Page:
Images and memory
It’s still winter and corona lockdown in Berlin. So there are not many opportunities to go to places other than one’s own desk. What would we be in such times without the power of memory and without our memory aids: in the visual age these are photos rather than diaries and in the digital age often – as in my case – many photos, lots of them. This post is about photos and memory on different levels of meaning.
I think back to a hot July day five years ago, when I met Gesche Würfel, a German-American photographer living in Chapel Hill, North Carolina, in an unusual place.
I had not known the place before either, although I had lived near it for several years, not far from the Südkreuz train station in Berlin-Tempelhof. It is one of the strangest architectural witnesses of the Nazi era in Berlin, and also one of the most unknown. Its name is as clunky and massive as it is itself: heavy load-bearing body. The vernacular has made short of it the Naziklotz (Nazi Hulk). It stands where Adolf Hitler – if he had had his way – would have realized his own sketch of a 117-meter-high and 170-meter-wide triumphal arch, executed by his architect Albert Speer. Well, in the dictatorship, the Führer’s will was above all, but these plans were thwarted by the war. It was the megalomaniac plans for the World Capital Germania, which should have been completed around 1950. But by then, the 1000-year Reich had long since been reduced to rubble. The central building was to be a domed hall with a capacity of over 150,000 people between Tiergarten and today’s main train station. The Reichstag would have looked like a dwarf next to it. From this Hall of Fame or Hall of the People, a wide boulevard was to run as a north-south axis in the direction of Tempelhof Airport and end at the Triumphal Arch. Thus at the today’s Naziklotz.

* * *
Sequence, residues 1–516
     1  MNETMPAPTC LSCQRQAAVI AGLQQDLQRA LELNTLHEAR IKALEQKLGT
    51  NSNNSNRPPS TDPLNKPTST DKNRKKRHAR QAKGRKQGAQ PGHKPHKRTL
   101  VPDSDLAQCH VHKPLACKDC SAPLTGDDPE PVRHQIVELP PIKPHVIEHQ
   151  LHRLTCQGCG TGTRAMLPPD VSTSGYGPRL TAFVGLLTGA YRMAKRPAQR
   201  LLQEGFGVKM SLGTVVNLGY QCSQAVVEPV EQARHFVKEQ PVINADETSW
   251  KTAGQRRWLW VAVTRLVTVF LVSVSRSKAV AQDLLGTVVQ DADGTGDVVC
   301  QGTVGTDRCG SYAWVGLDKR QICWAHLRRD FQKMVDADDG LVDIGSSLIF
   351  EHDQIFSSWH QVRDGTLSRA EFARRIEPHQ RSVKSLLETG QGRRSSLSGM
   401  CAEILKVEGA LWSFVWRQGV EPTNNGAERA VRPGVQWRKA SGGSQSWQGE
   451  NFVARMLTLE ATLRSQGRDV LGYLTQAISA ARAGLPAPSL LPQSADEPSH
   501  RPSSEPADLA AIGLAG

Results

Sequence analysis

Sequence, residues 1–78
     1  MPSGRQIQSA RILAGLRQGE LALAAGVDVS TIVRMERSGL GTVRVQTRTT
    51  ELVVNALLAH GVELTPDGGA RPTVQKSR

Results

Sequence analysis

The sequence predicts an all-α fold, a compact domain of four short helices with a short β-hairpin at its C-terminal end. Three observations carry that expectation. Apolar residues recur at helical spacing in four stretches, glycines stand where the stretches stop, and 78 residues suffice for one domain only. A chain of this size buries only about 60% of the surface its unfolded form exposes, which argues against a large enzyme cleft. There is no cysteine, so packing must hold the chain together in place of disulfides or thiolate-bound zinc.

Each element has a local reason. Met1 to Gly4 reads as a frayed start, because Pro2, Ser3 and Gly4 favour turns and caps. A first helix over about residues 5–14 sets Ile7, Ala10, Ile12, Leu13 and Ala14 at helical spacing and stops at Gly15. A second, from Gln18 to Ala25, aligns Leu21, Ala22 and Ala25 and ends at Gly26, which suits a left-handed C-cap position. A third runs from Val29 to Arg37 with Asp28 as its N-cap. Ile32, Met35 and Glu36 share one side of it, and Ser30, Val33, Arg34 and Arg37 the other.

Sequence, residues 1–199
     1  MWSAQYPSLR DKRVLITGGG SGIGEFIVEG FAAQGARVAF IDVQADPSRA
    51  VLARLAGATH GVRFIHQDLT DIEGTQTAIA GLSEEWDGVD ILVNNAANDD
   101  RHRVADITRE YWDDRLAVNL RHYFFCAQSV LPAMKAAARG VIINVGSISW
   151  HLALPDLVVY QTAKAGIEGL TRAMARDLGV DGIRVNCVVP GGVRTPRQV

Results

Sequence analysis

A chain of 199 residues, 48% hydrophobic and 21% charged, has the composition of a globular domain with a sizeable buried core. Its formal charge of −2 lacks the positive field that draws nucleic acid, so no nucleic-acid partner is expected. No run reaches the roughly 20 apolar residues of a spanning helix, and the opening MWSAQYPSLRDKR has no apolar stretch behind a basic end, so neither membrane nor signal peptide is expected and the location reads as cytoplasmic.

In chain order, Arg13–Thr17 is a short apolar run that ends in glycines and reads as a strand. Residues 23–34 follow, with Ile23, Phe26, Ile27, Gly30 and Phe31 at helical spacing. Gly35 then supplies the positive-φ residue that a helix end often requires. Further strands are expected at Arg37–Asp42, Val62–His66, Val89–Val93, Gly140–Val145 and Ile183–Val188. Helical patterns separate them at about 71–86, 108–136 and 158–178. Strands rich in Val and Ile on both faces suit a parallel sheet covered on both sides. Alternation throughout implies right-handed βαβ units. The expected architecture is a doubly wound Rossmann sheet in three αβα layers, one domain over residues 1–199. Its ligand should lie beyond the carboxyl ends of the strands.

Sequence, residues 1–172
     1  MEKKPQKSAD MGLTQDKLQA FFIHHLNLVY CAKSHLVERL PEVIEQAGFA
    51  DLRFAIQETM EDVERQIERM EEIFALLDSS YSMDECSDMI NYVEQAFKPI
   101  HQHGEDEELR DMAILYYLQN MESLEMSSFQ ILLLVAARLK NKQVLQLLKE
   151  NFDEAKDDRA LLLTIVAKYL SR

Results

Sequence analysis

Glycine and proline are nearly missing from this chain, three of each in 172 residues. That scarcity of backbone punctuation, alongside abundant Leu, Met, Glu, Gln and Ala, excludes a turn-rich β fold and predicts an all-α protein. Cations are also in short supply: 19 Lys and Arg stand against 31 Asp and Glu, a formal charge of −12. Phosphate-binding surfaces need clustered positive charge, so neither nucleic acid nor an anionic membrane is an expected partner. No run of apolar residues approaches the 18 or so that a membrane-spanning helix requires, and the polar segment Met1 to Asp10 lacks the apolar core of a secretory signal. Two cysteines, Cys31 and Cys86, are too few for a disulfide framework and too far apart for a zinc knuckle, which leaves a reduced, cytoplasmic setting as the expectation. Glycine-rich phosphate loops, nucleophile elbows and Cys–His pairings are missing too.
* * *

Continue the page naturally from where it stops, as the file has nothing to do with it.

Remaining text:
Photo: Model of the projected Reichshauptstadt Germania with its domed hall and the north-south-axis leading to the triumphal arch, location of the heavy load-bearing body (red arrow). The free space on the top left is Tempelhof airport.
Photo: exhibition Oppressive Architecture with photos by Gesche Würfel in the heavy load-bearing body.
Hard block, soft soil
This block was built in 1941/42 by exploiting French prisoners of war to test the resilience of the soil. Yet the 14-meter-high and 21-meter-wide towering concrete cylinder is only part of the structure: with a diameter of about 11 meters, it reaches 18 meters deep into the ground. When the measurements of the installed equipment were evaluated as late as 1948, it was discovered: in the first two and a half years, the block had already sunk almost 20 cm further, so the ground would simply have been too soft for Germania.
The block was too hard to be blown up and was too close to a residential area; therefore, like many high bunkers in German cities after the war, it remained standing and was listed as a historical monument in 1995. On September 12, 2009, on occacion of the national Open Monument Day, the Information Site Heavy Load-Bearing Body was opened to the public.
Photo: Gesche Würfel takes photos of her exhibition Oppressive Architecture in the heavy load-bearing body.